With the amount of sites and secure networks getting hacked recently, it’s high time that everyone starts taking their private information and its security more seriously. While you can’t help it if, say, someone hacks into your bank’s main data structure, there are many steps you can take to ensure that your private accounts remain secure and uncompromised.
I know you’ve all heard that you should keep multiple unique passwords for your various online accounts, but seriously, use multiple passwords. Despite the common pervasive knowledge that you should do this or risk getting hacked and losing everything, many people refuse to make multiple passwords. It’s not like it has to be a completely random slew of characters for each password.
At the very least, use unique passwords for your email and financial accounts. If anyone hacks one of your less sensitive accounts (say, Reddit or something like that), the first thing they will try to do is try that password in the email registered for that account. If you have one password for pretty much everything, think long and hard about this. Once someone hacks into your email, they will probably have some bank and credit card information; maybe enough to log in if you use the same password again for those accounts.
Making Smart Passwords
I have a system that I use to ensure that all of my passwords are unique that doesn’t require me to memorize hundreds of passwords. In this system, you really only have to memorize two or three passwords: One for your email, one for your financial accounts, and one for everything else.
Creating Password Trunks
At the center of my system is the idea of central keyword (or, better yet, keywords) that forms the basis of a password. So, for my all my accounts but email and finance, let’s say my central keyword is “MountainDew”. But this trunk seems a bit too easy to crack, so I think it’s a good idea to replace vowels with numbers and characters, making the new password “M1@nt3$nD5w”.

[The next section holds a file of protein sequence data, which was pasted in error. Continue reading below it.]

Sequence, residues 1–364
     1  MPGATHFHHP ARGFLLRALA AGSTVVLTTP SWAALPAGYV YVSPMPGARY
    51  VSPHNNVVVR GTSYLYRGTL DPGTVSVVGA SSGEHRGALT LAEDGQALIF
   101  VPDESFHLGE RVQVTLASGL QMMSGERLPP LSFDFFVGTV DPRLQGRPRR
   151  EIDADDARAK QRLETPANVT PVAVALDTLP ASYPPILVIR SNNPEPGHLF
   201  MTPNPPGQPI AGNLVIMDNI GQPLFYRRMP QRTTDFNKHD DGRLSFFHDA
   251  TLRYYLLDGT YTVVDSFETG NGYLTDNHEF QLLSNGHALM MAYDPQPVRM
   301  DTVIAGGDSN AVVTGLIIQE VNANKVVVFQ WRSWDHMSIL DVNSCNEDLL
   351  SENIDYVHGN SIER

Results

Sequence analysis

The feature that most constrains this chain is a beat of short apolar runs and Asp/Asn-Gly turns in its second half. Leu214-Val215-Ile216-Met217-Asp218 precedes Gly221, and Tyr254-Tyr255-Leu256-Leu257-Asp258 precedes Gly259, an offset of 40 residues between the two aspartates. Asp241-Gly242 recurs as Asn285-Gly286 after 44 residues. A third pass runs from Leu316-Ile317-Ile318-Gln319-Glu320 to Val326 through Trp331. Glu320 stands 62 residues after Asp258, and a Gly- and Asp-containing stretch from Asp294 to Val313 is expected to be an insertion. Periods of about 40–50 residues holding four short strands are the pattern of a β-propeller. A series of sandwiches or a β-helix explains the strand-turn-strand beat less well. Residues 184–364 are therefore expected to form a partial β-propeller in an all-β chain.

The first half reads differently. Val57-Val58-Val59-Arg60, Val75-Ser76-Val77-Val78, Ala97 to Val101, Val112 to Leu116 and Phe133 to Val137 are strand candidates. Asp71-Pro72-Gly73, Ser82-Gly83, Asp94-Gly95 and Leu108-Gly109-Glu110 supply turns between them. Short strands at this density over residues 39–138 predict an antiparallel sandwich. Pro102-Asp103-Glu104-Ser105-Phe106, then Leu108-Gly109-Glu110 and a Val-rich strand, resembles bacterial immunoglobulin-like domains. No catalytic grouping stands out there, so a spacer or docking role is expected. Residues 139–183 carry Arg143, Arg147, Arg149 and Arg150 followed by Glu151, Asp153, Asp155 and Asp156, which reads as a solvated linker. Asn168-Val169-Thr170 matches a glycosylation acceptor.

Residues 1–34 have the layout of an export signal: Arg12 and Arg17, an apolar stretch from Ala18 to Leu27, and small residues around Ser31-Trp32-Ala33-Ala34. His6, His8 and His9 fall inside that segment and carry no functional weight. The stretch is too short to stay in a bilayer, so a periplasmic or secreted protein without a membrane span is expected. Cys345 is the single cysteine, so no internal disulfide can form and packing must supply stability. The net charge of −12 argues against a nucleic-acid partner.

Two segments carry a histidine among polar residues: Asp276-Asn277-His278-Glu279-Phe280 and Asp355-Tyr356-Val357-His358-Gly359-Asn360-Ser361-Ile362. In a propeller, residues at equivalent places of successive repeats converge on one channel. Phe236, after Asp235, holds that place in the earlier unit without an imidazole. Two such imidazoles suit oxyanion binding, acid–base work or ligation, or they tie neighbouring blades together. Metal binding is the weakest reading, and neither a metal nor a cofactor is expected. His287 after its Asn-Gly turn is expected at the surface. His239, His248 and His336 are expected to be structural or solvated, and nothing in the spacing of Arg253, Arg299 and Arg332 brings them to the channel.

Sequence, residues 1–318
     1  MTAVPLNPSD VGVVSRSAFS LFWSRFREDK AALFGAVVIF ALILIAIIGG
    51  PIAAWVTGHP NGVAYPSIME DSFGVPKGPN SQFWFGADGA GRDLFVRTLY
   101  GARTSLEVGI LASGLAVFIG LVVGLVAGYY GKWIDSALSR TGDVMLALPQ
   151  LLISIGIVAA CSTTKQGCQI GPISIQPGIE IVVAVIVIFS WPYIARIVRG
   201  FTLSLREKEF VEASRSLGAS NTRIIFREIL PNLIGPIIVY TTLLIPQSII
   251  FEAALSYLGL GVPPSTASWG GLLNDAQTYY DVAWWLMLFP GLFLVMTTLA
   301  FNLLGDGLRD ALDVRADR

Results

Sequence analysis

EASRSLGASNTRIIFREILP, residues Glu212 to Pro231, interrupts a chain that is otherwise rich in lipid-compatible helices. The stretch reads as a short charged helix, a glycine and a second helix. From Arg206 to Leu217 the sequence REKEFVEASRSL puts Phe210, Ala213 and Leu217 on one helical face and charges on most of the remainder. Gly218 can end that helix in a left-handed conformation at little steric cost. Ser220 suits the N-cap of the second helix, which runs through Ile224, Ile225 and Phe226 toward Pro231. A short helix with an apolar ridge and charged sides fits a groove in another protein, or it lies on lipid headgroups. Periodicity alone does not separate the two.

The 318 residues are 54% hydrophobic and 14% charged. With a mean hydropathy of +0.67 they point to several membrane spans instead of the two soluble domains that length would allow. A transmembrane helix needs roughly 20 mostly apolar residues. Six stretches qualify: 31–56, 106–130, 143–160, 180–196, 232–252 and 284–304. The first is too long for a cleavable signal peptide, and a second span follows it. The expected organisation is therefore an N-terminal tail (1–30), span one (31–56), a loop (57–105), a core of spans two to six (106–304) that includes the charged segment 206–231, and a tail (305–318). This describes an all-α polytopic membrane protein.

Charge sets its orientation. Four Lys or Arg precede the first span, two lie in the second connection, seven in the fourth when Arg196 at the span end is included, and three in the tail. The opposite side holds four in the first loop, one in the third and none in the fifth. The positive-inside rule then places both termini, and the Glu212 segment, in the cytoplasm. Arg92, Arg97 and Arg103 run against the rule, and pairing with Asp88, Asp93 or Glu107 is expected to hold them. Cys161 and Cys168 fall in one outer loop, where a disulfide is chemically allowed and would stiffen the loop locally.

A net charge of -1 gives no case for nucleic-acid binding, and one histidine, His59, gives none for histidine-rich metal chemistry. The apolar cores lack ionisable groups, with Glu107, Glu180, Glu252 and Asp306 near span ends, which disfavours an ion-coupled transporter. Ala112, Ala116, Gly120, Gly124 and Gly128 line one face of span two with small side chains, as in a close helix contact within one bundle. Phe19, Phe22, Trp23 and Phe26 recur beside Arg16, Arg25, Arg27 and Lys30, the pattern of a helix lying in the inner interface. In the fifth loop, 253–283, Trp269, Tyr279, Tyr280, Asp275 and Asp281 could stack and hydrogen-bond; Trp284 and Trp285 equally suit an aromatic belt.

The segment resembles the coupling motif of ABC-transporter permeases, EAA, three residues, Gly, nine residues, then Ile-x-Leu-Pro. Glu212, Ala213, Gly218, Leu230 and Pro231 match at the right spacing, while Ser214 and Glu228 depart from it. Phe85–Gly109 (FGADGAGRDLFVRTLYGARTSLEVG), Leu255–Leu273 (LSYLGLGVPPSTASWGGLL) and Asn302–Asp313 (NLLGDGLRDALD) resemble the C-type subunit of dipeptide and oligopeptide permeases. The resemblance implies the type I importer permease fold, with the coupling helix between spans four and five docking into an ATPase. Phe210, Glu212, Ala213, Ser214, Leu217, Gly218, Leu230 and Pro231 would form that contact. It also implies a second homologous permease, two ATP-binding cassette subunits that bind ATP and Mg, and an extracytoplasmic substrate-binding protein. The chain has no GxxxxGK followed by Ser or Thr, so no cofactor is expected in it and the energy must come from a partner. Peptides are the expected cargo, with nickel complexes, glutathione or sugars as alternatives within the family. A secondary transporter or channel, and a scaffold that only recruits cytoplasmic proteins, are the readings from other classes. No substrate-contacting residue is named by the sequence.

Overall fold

How am I going to memorize this? Simple, all I did was replace the vowels with characters going across the keyboard, pressing shift on every even number, resulting in the characters “1@3$5″ that I used. You don’t have to make it as complicated as I did either; “M1!nt1!nD1w”(only pressing 1 and alternating shift) would still be very strong.
Modify the Trunk’s Head and Tail
Now that we have established a trunk to the password, let’s modify the head and tail to make it unique for each account. What I do is take elements from each account and include them at the beginning and end of the trunk of the password; you can also put variations in the middle of the trunk, particularly if it is already two words.
Let’s say that I want my “MountainDew” password (I took away the vowel obstructions for the purpose of clarity in this tutorial) to be unique for my Facebook account. I can simply take the first two and last two characters of the account I’m logging into (Facebook) and wrap them around the trunk. So “MountainDew” would become “FaMountainDewok.” But for Myspace, the password would become “MyMountainDewce.”
I used simple examples for clarity’s sake, but feel free to use other elements of your account, such as your username, and incorporate it into the head or tail of your password. And of course, doing vowel obstruction is another great security measure. Hopefully with these tips, you will never fall victim to hackers trying to steal your personal information.
This guest post is contributed by Lauren Bailey, who regularly writes for best online colleges. She welcomes your comments at her email Id: blauren99 @gmail.com.